Materials drive bearing advances
Materials are at the heart of any bearing's success or failure. Paul Fanning looks at some recent developments.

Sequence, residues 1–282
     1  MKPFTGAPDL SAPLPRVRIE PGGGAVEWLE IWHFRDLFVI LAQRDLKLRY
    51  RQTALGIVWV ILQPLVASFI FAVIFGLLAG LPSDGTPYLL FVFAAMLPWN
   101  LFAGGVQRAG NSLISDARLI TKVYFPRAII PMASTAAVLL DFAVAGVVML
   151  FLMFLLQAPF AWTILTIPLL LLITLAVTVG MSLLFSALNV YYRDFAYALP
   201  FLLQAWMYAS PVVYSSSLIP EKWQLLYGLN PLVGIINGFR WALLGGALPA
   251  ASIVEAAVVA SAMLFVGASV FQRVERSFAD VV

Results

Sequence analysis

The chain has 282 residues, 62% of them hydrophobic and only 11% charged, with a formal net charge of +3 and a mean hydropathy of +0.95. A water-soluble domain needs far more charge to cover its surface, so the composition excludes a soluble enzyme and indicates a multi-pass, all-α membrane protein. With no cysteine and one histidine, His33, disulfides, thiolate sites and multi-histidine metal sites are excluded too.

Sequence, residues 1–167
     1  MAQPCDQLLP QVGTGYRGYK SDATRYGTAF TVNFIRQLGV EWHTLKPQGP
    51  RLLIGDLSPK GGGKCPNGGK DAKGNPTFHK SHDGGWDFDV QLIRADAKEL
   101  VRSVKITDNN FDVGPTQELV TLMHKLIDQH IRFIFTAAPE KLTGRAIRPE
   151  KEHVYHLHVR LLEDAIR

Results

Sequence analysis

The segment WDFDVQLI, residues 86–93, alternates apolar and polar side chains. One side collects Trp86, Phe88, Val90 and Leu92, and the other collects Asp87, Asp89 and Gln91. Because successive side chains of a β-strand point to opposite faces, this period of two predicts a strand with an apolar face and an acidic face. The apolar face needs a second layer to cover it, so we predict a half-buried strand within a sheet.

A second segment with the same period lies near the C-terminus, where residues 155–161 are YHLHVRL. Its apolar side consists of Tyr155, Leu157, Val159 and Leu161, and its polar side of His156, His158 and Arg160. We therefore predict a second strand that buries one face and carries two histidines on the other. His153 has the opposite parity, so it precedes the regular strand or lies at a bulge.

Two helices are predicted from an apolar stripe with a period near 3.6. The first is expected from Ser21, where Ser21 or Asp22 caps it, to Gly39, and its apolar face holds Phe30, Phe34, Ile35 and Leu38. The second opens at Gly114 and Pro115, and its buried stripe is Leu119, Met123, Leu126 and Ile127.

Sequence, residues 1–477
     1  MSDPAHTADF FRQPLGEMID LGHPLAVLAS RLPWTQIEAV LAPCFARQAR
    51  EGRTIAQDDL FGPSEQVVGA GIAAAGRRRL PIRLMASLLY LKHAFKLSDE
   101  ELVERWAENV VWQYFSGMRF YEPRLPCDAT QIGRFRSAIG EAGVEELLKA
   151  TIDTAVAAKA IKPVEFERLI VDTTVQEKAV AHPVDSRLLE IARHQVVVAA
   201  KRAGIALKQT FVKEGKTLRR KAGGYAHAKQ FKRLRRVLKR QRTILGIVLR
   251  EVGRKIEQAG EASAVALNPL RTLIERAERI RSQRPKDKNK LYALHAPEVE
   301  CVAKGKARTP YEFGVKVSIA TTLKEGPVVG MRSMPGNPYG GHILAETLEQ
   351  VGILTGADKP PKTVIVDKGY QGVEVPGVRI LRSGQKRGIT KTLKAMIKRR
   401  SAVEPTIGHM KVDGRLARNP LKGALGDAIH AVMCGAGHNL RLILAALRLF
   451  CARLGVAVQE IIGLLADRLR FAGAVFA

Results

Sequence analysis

More and more materials are being developed that allow bearings to cope with the issues facing these products. Of these issues, probably the most significant are friction and the resultant temperatures. Traditionally, of course, this problem has been overcome with the use of lubricants. Keeping bearings properly lubricated in high temperature environments represents a serious challenge, however. Product surface temperatures can reach temperatures as high as 900 °C, while the effects of cooling water, scale, and chemicals all contribute to an extremely tough operating environment and present a lubrication challenge. Ultimately, the consequence of bearing failures often leads to equipment downtime, often damaging both equipment components and the end product. This all leads to increased costs in repair, affecting productivity and profitability. To deal with high temperature applications, bearings are typically lubricated with a centralised lubrication system to counteract lubricant loss and prevent bearing failure. However, these systems drive up energy costs, consume excessive amounts of costly, high temperature greases, and are prone to pipe blockages caused by burnt grease. Even when working optimally, centralised lubrication systems must apply large amounts of lubricant to compensate for heat-induced grease degradation. This can pose significant fire and safety risks, as excess grease can accumulate outside the bearing housings, creating dangerous working conditions, including slippery floors and a higher risk of fire. Water cooling systems are also sometimes used, adding to high investment and operating costs. Oil-air lubrication is sometimes used as an alternative to grease lubrication, but is also not ideal due to the difficulty to form a good lubricating film, especially at low speeds. It requires a significant capital investment and leads to increased costs for both energy and maintenance. These problems have led to a rise in the popularity of self-lubricating bearings. One of the latest examples of this breed is SKF's DryLube, a bearing solution that contains a specially-engineered graphite mixture that eliminates the need for grease re-lubrication; delivering reliable, improved performance and allowing significant cost savings to be made in reduced maintenance and downtime. The SKF Drylube Bearings will benefit equipment, such as rollers, which are repeatedly subjected to extremely high temperatures in applications such as bakeries, food processing, mills, foundries, or other heavy industries. By filling the empty space inside a bearing with an engineered graphite mixture, SKF provides an efficient and cost effective alternative to the use of grease in hostile environments. Almost any SKF bearing type can be supplied as an SKF DryLube Bearing, providing very low and constant friction, and an extremely high temperature limit of 350°C. SKF DryLube Bearings do not require re-lubrication, eliminating the cost and environmental consequences of conventional greasing programmes. An even more fundamental use of materials to eliminate lubrication and maintenance issues can be found in the use of polymer bearings such as those offered by igus. Its iglidur range of polymer bearings are claimed to lower costs and raise service life by eliminating lubrication and lowering maintenance works. Many engineers persist in the belief that plastics cannot handle the tough applications or environmental elements. Plastic bearings, however, can endure extreme temperatures, heavy loads and high speeds. Self-lubricating polymer bearings such as iglidur contain solid lubricants embedded in millions of tiny chambers of the fibre-reinforced material. During operation, the bearing transfers lubricant onto the shaft to help lower thecoefficient of friction (COF). Unlike a sintered-bronze bushing, polymer bearings release solid lubricants as soon as the bearing or shaft is set in motion. The fibre-reinforced materials inside the bearing withstand any high forces or edge loads. Obviously, the major benefits of such plastic bearings are that they are lubrication and maintenance-free, but they are also designed to maintain a low COF consistently over the lifetime of the bearing and offer corrosion and chemical resistance. Some of the latest materials from igus offer properties such as high wear-resistance, low deformation characteristics and a temperature resistance from -40 to +200oC. But friction and temperature, of course, are far from being the only obstacles to effective bearing performance. Another recent material advance for bearings comes from Federal-Mogul, which has developed an innovative polymer coated bearing shell that can reduce fuel consumption and CO2 emissions by withstanding mechanical loads produced by heavily boosted engines. Called IROX, the new technology addresses the lubrication challenges associated with frequent engine re-starts found in hybrid and other future stop-start engines by protecting both the crankshaft and the bearing shells from damage where metal-to-metal contact would otherwise occur. It is estimated that the IROX bearing overlay can help increase the life of crankshafts and bearing shells by more than five times in more extreme applications, such as direct-injected engines and engines with stop-start systems. As engines are downsized but maintain their output through turbo-charging, the specific loads on the bearings increase. When hybrids operate in electric mode or when drivetrains using stop-start strategies switch off the engine, the crankshaft speed drops to zero. Without rotation, the crankshaft settles into contact with the bearing shells and the oil pump stops providing lubrication, allowing metal-to-metal contact and causing wear when the engine restarts. The lubrication conditions at start up are very different from those that exist during high-speed, high-load operation. While solid lubricants or dry bearing materials are effective at preventing metal-to-metal contact at low running speeds, these conventional solutions are not suited to higher speeds, which require journal bearings with a generous lubricant supply. Federal-Mogul's new system combines the best features of both these established technologies by introducing a polymer coating for traditional metallic bearing shells, integrated with solid lubricants and wear inhibitors to produce a cost-effective, robust and production-ready solution. NSK has developed TL (Tough and Long Life) bearing material to address the trend to higher operating temperatures in the dryer sections of paper making machines. Today, with the moves toward higher performance equipment, the temperatures in the hollow cylinder of the dryer section, through which steam or oil passes, can reach 180oC; and sometimes on newer machines, even 200-250oC. These temperatures cause high thermal stresses, which can lead to fracture of the inner rings of the spherical roller bearings used in the dryer sections. During the drying operation, thermal expansion of the cylinder takes place. This increases the tensile stress on the bearing inner ring due to the temperature difference between the cylinder and the ring. Under these conditions there is a greater risk of failure due to inner ring fracture. NSK has analysed the mechanism of inner ring fracture and established a strength evaluation method that has resulted in the development of the TL specification material. The TL specification is a special surface treatment of an original steel type. It attains both high raceway surface hardness and dimensional stability under high temperatures (up to 200oC), while at the same time having the same level of compressive residual stress at the raceway surface as conventional carburised steel. The latter feature increases the strength against fracture performance commonly experienced with conventional spherical roller bearings. In fact TL specification bearings have higher strength against inner ring fracture than bainitic steel (austempered high-carbon chrome bearing steel) and bearing steel (hardened high-carbon chrome bearing steel) units. The raceway surface hardness of TL material also exceeds that of bainitic bearing steel and carburised steel. This means that TL specification steel achieves a longer life, when foreign debris is present, than any of the other bearing steels.